When the (campers) get home, parents and teachers, without knowing who’s been to camp, can always tell. Their whole attitude changes. They have more confidence.
In Episode 62, I’m chatting with Phil Lilienthal of Global Camps Africa. We talk about his early Peace Corps experience in Ethiopia, forming Camp Langano, spending the next 30 years running Camp Winnebago in Maine, and what led him out of retirement to establish a week-long camp for teens in South Africa.
Global Camps Africa provides week-long camps, day camps and continuing education programs, which combine life skills training with recreational activities, changing the lives of South Africa’s most vulnerable youth.
- Phil Lilienthal’s early life experience in Africa ignited his passion to take the camp experience to the world outside of the US.
- His vision is to use camp as a vehicle for meeting the needs of developing youth in impoverished communities. He hoped, like “Johnny Appleseed”, the idea would spread throughout Africa.
- He realized the importance of integrating the life skills component into the camp experience and developed a curriculum for summer camp, as well as for local clubs that could reinforce the lessons learned at camp.
- The curriculum features topics such as sex education, disease prevention, abusive behaviors, gender bias, xenophobia, drugs and alcohol, crime, reproductive health, parenting, financial literacy, and leadership.
- Campers learn and develop skills needed to be successful in all areas of life. Many receive training to eventually become camp counselors, as well.
- Trained South African counselors are available to work in the USA during the summer months.
Consider contributing or raising funds to support South African campers. The cost per child for the 8-day camp program and year-long youth club membership is $500, which not only supports the educational experience but also helps to launch a child into productive citizenship.
Phil: “What are the biggest issues (these kids) face in life, in reaching a healthy productive adulthood? Let’s figure that out and then train our counselors on how to remedy that and give them the information they need. We did! We were able to cover discussion topics that were taboo to talk about in the home.”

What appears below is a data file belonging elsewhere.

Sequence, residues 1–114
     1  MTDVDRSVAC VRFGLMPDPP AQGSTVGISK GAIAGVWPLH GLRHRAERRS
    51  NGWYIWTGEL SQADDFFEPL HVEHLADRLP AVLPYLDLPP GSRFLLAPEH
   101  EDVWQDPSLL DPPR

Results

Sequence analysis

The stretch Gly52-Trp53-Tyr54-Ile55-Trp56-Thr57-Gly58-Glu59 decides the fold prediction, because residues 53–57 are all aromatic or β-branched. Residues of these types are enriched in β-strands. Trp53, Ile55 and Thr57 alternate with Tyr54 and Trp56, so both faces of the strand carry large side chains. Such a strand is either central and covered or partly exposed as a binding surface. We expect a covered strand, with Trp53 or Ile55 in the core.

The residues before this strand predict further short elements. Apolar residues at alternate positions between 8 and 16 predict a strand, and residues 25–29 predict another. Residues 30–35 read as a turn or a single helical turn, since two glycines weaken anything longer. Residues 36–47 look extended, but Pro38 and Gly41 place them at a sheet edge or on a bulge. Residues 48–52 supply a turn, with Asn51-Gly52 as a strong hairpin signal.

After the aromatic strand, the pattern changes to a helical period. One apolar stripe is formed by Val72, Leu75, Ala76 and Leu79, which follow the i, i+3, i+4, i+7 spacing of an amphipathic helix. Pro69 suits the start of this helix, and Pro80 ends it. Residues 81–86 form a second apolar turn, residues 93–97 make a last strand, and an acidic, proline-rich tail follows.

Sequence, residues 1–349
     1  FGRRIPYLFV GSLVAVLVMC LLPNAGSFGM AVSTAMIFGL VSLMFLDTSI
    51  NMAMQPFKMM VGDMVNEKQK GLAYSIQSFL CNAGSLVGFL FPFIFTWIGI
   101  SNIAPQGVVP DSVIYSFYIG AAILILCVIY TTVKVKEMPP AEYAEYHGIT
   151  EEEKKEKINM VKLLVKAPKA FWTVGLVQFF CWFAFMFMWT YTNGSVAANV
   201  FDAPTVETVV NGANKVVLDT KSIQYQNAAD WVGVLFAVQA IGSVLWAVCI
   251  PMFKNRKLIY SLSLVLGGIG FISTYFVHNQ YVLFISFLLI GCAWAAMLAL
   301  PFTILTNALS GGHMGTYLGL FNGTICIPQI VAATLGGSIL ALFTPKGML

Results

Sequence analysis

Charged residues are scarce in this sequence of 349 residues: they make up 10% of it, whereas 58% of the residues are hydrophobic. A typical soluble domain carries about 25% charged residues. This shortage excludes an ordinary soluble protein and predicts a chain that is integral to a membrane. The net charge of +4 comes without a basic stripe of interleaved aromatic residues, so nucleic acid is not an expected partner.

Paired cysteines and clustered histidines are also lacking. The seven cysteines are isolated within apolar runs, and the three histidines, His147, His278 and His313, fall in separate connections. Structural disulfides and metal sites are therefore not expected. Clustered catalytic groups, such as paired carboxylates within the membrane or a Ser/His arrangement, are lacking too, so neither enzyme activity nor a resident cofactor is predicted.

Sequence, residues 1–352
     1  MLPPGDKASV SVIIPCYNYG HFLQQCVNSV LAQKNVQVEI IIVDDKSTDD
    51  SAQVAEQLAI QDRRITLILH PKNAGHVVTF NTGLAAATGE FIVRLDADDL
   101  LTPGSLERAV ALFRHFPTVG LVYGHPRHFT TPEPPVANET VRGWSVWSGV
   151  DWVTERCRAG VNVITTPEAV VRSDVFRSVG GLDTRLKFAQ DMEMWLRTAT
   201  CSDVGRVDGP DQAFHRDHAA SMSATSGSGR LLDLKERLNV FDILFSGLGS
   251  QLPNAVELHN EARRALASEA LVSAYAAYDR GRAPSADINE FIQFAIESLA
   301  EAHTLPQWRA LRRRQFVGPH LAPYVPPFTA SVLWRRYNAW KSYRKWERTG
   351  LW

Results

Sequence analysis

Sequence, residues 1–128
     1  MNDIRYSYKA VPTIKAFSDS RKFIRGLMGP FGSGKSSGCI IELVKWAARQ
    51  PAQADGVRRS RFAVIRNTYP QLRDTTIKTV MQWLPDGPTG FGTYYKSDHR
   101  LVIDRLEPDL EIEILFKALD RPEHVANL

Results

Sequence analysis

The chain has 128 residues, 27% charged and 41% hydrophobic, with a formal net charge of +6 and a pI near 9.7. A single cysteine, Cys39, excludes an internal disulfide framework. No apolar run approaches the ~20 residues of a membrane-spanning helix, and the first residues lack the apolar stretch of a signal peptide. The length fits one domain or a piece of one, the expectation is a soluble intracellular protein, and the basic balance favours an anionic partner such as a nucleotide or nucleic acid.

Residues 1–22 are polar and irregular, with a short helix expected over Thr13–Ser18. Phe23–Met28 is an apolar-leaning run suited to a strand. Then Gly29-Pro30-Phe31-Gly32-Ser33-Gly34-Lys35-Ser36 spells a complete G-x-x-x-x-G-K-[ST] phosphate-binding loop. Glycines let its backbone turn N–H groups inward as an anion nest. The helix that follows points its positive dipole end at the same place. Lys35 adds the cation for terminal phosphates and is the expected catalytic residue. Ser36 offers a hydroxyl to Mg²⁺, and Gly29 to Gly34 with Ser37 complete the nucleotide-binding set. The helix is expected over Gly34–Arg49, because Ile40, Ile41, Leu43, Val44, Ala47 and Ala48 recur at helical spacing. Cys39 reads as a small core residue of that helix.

Phil: “For (the kids) to see foreigners down on their hands and knees, playing with them or talking to them … just saying, ‘what do you think?’ is something they never hear.”
Phil: “It’s really beautiful to watch. The counselors all have a way of discussing a subject that is non-judgmental…We have people line up on either side, they discuss back and forth, and people are challenged, not only to confront their prejudices and assumptions about something but to think about it – that there are two sides to the issues and weigh the consequences.”
Audrey: “What a powerful thing just to get these kids thinking about making their own decisions. So whatever life skill you’re talking about, just having them have the time to reflect is very powerful because a lot of kids don’t ever take any time to make a decision before they’re in a situation, and that’s the problem. But if they’ve had time to think things through and have all this discussion, that’s got to be helpful to them and empowering, knowing that they do have more choices and decision-making power than going along with what other people are doing. ”
Audrey: “It really resonates with me because it is about wellbeing. It’s about teaching these kids how to become thriving adults. You are giving them the tools and teaching them skills that will change the trajectory of their lives.”
Mother Bear Project in Minneapolis, MN
If you liked this episode, you might want to listen to Episode 18, where I interview camp director Tom Holland about teaching children leadership skills and how to approach life with wonder and joy.